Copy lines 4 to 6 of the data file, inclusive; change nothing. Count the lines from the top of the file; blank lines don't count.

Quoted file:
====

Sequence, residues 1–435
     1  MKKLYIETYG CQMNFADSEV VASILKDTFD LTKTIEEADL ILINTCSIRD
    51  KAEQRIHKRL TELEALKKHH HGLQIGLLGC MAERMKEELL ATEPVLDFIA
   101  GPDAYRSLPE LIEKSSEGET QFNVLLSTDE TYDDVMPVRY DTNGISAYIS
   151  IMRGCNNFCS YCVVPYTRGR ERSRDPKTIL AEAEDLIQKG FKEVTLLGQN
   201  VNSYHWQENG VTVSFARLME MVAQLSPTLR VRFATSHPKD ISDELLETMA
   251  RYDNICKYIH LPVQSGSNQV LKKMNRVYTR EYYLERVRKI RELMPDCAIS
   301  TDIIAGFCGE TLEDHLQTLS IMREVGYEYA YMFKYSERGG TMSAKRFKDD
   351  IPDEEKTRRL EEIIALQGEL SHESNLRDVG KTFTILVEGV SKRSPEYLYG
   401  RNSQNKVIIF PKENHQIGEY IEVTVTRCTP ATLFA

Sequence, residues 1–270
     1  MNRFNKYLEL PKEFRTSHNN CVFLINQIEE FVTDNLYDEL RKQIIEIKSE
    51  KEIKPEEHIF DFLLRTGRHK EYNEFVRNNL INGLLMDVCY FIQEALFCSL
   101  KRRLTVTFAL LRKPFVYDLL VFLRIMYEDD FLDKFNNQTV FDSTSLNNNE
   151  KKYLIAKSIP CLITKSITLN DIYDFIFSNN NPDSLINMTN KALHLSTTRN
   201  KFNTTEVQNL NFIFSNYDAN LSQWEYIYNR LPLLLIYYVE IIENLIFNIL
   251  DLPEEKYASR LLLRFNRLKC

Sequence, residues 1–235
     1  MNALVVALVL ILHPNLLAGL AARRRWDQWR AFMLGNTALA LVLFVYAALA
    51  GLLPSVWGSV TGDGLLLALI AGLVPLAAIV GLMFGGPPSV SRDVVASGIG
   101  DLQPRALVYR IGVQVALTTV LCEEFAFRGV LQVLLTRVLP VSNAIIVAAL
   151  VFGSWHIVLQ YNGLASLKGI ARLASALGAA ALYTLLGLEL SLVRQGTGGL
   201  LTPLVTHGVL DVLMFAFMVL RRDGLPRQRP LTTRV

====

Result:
   101  GPDAYRSLPE LIEKSSEGET QFNVLLSTDE TYDDVMPVRY DTNGISAYIS
   151  IMRGCNNFCS YCVVPYTRGR ERSRDPKTIL AEAEDLIQKG FKEVTLLGQN
   201  VNSYHWQENG VTVSFARLME MVAQLSPTLR VRFATSHPKD ISDELLETMA